By ANDREW SIA
STELLA Wang remembers having a special “eye” to see “spirits” when she was younger. Little did the Sarawakian know, her inside knowledge of the supernatural would one day lead her to one of the world’s top student competitions for computer programmers.
She was part of the SwinDesign team that designed a game based on its members’ knowledge of Sarawakian folklore, and it landed them a place at the prestigious Microsoft Imagine Cup World Finals.
The team trumped a huge global field to make it there. Some 330,000 students in 100 countries had submitted projects at country level for the competition, of which only 150 teams were selected for the semifinals.
The 33 that were selected for the World Finals were then flown to the Microsoft Campus, just outside Seattle, the United States, in late July to present their projects.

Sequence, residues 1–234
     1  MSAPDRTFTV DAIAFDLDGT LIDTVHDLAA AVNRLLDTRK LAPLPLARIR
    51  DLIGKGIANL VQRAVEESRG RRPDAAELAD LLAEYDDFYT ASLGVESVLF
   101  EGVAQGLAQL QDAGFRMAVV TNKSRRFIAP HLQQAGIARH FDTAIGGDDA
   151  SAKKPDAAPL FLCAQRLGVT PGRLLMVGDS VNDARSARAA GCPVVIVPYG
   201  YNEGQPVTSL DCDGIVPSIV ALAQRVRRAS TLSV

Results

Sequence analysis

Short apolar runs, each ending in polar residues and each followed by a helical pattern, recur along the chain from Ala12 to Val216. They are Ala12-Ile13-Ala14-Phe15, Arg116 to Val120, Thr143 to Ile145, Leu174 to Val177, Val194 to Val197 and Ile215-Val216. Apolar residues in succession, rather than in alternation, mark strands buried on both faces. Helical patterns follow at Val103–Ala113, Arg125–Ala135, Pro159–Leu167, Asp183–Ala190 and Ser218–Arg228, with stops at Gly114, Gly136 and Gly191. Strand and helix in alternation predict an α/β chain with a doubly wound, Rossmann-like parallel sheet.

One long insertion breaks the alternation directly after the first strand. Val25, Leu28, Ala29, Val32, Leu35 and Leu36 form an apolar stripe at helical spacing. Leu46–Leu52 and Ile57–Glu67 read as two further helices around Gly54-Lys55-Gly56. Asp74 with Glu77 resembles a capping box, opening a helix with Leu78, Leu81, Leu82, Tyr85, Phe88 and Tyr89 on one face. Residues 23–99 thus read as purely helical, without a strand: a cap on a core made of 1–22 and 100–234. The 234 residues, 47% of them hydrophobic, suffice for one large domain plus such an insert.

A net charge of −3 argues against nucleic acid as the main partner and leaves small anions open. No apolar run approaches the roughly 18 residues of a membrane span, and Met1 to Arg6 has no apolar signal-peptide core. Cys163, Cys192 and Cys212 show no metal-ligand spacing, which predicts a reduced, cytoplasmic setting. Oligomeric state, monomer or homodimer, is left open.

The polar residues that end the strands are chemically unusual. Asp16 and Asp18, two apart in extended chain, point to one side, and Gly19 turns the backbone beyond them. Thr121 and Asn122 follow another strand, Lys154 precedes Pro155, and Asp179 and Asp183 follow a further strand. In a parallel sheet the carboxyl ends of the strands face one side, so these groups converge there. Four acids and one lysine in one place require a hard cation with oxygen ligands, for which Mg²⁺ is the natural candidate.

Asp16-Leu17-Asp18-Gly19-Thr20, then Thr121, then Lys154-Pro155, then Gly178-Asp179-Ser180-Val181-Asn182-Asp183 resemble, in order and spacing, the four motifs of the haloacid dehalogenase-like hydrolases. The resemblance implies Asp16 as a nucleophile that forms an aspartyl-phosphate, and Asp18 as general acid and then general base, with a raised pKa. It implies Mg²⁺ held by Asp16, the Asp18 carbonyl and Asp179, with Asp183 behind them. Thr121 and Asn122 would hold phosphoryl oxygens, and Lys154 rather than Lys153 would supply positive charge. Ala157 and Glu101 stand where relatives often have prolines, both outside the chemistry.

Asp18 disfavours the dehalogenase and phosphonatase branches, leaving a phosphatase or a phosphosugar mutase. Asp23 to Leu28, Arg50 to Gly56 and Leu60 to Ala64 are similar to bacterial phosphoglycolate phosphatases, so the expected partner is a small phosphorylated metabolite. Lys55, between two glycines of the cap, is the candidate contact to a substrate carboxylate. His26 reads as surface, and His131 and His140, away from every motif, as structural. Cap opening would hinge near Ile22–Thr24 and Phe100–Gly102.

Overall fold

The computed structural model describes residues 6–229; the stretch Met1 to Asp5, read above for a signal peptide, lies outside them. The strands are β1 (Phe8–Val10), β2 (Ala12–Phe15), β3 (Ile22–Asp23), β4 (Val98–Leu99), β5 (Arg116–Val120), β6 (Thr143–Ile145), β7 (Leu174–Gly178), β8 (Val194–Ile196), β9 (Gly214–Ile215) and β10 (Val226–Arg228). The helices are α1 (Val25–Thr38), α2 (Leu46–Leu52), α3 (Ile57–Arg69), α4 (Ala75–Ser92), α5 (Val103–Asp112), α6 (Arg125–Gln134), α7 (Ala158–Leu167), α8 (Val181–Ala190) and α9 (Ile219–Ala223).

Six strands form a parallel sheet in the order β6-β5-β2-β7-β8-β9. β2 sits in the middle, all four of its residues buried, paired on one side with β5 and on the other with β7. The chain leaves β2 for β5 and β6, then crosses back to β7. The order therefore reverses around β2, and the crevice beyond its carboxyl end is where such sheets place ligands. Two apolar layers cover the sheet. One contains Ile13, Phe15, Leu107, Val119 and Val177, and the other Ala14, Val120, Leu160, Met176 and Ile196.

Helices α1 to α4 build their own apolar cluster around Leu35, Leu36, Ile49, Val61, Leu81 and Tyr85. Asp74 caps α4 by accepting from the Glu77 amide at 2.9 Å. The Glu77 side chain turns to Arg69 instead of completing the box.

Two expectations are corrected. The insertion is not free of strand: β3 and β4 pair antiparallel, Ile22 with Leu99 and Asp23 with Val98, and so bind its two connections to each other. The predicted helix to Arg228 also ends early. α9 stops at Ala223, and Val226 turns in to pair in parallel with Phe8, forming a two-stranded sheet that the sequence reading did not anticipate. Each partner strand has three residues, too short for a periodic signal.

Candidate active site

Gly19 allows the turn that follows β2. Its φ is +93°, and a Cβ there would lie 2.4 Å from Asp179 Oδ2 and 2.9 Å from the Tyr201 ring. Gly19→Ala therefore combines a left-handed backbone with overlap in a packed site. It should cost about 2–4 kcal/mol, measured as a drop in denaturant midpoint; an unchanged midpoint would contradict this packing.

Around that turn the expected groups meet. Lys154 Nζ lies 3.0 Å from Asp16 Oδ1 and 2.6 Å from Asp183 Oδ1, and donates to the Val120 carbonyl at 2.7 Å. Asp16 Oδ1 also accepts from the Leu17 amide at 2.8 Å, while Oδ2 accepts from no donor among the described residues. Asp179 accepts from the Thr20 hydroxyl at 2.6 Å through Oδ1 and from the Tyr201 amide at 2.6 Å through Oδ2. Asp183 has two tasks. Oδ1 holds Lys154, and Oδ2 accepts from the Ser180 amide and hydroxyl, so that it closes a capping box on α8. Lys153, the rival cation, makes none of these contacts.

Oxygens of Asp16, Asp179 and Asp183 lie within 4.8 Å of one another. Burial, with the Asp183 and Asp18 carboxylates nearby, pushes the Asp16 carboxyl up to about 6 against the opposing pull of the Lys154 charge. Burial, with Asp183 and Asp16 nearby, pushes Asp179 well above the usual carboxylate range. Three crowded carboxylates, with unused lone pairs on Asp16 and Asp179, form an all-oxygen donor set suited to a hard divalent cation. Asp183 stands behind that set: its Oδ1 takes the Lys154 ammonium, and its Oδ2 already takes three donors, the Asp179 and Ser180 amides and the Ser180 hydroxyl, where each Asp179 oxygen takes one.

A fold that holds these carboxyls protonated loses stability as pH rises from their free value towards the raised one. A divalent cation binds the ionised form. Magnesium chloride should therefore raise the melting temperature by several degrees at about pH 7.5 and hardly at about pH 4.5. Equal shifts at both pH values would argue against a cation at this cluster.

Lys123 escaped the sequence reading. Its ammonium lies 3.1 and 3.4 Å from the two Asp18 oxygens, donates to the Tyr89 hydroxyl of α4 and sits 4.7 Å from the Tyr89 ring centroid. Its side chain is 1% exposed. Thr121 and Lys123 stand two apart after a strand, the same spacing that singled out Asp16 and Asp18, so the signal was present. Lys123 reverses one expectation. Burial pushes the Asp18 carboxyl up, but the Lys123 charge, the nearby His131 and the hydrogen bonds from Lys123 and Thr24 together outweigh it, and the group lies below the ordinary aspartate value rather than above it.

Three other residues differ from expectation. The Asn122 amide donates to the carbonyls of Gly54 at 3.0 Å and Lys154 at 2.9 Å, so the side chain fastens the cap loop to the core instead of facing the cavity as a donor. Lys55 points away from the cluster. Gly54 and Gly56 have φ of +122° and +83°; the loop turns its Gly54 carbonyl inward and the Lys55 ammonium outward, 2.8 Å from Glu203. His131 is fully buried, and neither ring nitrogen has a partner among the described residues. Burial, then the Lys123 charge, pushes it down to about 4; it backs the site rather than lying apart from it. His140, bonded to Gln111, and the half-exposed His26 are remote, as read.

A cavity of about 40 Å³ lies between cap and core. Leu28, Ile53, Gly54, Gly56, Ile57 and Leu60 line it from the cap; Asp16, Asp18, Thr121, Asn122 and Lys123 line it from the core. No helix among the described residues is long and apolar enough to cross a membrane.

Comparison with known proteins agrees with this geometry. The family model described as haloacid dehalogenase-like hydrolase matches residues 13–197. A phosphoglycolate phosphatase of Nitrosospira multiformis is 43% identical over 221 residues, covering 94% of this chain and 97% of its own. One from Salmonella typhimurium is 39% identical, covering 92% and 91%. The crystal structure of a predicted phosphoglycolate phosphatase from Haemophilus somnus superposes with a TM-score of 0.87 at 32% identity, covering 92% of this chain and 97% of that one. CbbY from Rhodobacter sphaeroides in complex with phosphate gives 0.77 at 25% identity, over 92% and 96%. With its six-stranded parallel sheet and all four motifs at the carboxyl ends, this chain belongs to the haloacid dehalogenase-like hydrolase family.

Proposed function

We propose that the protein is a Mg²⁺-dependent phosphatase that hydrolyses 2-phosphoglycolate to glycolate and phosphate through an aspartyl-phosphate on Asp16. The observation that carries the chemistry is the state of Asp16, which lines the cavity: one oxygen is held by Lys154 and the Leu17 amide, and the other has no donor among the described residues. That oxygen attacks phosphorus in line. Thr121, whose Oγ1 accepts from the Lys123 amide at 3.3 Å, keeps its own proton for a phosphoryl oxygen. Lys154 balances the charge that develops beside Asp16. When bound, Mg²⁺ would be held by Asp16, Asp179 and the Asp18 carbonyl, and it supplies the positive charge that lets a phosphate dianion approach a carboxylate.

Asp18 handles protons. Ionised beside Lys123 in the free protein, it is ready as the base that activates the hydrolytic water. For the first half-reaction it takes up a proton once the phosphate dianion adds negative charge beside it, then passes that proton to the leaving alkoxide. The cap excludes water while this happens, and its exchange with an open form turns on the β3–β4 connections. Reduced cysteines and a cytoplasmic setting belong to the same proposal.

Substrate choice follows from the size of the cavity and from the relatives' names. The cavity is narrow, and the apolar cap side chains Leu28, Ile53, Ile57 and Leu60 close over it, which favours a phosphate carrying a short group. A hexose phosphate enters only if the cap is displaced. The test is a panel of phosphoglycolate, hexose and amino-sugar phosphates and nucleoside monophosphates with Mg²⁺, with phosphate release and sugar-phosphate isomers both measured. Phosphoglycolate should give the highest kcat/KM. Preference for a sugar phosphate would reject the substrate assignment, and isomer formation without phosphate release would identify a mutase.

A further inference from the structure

SwinDesign’s project was a horror “role playing” computer game which involved offering young maidens’ lives to soothe angry spirits.
Called Tou: The Sacrifice, it was inspired by ancient rituals of the Melanau people of Sarawak, with a storyline including evil bomoh (who behead themselves to gain powers), cursed villages and The Bilum – a wooden statue (possessed by spirits) that the Melanau believe gives powers to whoever touches it (www.facebook.com/TouTheSacrifice).
The four creators, multimedia design students Landon Chia, Stella Wang and Sim Jia Ying, are all from the Swinburne University of Technology (Sarawak Campus), hence the team name, SwinDesign. They were guided by their lecturer John Hii.
But could they perform on the world stage, while jet lagged? At 8am, on the very first day of competition, they were the first team to make their presentation to the judges.